Jean-Laurent Bonnafé, CEO of BNP Paribas: “There will be no future for society without a successful, long-term energy transition. This transformation can only be undertaken collectively and requires technical and technological service solutions. In taking up the challenge to select 1,000 solutions which encourage environmental protection while also being profitable, the Solar Impulse Foundation is helping us to reach this goal in a very practical way and in line with the aims of the Paris Agreement.”
Seeing that the solutions collected are actually followed up by government leaders and other decision-makers will be the crowning glory of our work", conclude Quentin and Gunter.
Contact our experts at the Sustainable Business Competence Centre
How can the blue economy make a difference?
What if the future of sustainable business is at the bottom of the ocean for once? Marine biodiversity contains resources that can meet the environmental challenges of many sectors. Perhaps yours, too. Find out more during an online event about the promising blue economy on 11 March 2021.
Blue is the new green
71% of our planet consists of water. Seas and oceans play a crucial role in our climate, and coastal areas can capture up to five times more CO2 than tropical forests. The blue economy wants to benefit from all these advantages to improve both the environment and our well-being,
With local being the keyword. And that's where the difference lies with the green economy, which also focuses on the environment and health, but not always in such a sustainable and smart way. Eating organically grown quinoa from Ecuador, for example, is healthy and eco-friendly, but transporting it here is expensive and creates high amounts of pollution.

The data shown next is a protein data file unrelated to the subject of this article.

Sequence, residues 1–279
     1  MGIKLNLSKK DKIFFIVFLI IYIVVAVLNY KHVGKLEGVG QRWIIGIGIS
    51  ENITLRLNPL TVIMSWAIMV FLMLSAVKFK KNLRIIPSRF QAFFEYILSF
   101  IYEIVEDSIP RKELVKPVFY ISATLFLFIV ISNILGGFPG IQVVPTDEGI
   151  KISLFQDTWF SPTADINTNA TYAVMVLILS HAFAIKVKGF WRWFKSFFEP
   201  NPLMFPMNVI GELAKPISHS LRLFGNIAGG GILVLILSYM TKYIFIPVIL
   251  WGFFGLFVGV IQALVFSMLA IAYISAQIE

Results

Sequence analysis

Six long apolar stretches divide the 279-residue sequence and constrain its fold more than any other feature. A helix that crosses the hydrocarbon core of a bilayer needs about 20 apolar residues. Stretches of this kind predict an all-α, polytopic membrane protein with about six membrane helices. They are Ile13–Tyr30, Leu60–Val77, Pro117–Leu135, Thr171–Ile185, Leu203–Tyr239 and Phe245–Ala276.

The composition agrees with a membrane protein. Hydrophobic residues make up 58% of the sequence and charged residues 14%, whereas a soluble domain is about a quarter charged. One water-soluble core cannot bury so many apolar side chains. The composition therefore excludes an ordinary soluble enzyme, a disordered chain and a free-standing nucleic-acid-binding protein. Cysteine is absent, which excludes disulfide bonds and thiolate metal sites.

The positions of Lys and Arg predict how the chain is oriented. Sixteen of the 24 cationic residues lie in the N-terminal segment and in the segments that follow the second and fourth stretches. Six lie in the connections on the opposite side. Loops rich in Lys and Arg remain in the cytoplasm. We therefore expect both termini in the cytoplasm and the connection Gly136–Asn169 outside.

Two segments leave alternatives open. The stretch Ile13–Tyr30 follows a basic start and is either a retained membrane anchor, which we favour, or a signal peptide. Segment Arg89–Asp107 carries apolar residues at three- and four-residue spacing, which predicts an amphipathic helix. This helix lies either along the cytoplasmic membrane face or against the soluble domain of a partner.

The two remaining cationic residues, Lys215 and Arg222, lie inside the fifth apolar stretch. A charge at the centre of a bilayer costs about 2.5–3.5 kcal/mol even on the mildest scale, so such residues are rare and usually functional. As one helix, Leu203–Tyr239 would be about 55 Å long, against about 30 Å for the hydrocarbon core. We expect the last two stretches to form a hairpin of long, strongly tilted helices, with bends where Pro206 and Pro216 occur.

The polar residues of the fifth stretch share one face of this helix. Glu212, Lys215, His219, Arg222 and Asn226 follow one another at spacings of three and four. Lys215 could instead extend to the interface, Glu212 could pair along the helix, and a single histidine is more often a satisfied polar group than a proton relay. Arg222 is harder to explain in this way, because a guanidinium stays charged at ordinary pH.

What does the underwater world have to offer that can be reused, recycled or converted into new sustainable products? A lot, it turns out, as the unique properties of organisms such as algae, starfish, jellyfish or sea cucumbers can be transformed into sustainable products with high added value. This is a process that requires creativity and innovation, and is already with us today.
For your sector, too
The blue economy is expanding rapidly and could bring about a revolution in a wide range of sectors such as healthcare, food, the plastics industry, cosmetics, energy and even aerospace. It is fully capable of helping companies transform their traditional activities into a sustainable model. And in Belgium's ports, the country already has a huge advantage and excellent access to coastal and offshore areas.
Another scoop of microalgae?
Microalgae, for example, offer a lot of promise, as they can renew themselves and thrive both in the desert and in the ocean. They contain many healthy components, such as proteins, that can be used to develop food products.
When discussing the oceans, the plastic problem is never far away. Human beings are producing more and more plastic as the world's population grows, yet the problem with the existing plastic is that it's nigh on impossible to recycle as its components are hard to separate. By making a completely different type of plastic from biomass, its recycling is already considered at the design stage. A large amount of biomass remains unused in the oceans, and using smart, natural polymers could revolutionise plastic production, for example. These polymers are capable of self-renewal and can adapt to their environment.
Who will pay for it?
Great ideas, you think, but who will pay for them? The financial sector certainly wants to play a role in this revolution and is prepared to take risks and invest in new technologies, production systems and R&D.
This commitment was formalised in various ways during the climate week in New York at the end of September 2020. BNP Paribas signed the Principles for Responsible Banking (PRB) and joined the UNEP FI's Collective Commitment to Climate Action, a partnership between the United Nations Environment Programme and the financial sector. In terms of the maritime sector, the Bank committed to working with customers to preserve and sustain the oceans. Read more about this commitment here (only available in French).
Would you like to find out whether the blue economy could make a difference to your sector?
Sign up here for a free online event on this subject on 11 March 2021 (in English only), organised by BNP Paribas Fortis Transport, Logistics and Ports Chair.